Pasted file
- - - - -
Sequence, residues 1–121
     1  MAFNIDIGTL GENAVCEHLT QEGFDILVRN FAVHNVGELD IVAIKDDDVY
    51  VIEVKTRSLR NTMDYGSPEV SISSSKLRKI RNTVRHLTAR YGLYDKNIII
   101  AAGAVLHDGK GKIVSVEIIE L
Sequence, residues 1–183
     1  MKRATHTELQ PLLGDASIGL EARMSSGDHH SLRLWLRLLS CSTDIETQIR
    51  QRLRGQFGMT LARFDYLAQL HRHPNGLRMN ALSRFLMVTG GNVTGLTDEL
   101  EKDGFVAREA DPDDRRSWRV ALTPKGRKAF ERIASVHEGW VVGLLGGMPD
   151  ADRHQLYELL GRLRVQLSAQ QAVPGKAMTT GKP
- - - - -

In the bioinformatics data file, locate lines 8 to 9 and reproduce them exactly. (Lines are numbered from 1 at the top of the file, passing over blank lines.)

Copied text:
   101  EKDGFVAREA DPDDRRSWRV ALTPKGRKAF ERIASVHEGW VVGLLGGMPD
   151  ADRHQLYELL GRLRVQLSAQ QAVPGKAMTT GKP